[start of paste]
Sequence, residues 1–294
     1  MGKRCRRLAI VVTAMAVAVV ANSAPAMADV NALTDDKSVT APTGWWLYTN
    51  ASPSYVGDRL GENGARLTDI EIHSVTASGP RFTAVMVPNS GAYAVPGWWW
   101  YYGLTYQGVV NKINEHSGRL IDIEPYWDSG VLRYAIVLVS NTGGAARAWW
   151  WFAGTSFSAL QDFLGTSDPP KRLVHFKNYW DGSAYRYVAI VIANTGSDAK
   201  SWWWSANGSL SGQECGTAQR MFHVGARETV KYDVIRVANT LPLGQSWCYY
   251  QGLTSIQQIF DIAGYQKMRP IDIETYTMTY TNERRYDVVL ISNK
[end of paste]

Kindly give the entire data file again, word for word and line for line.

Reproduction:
Sequence, residues 1–294
     1  MGKRCRRLAI VVTAMAVAVV ANSAPAMADV NALTDDKSVT APTGWWLYTN
    51  ASPSYVGDRL GENGARLTDI EIHSVTASGP RFTAVMVPNS GAYAVPGWWW
   101  YYGLTYQGVV NKINEHSGRL IDIEPYWDSG VLRYAIVLVS NTGGAARAWW
   151  WFAGTSFSAL QDFLGTSDPP KRLVHFKNYW DGSAYRYVAI VIANTGSDAK
   201  SWWWSANGSL SGQECGTAQR MFHVGARETV KYDVIRVANT LPLGQSWCYY
   251  QGLTSIQQIF DIAGYQKMRP IDIETYTMTY TNERRYDVVL ISNK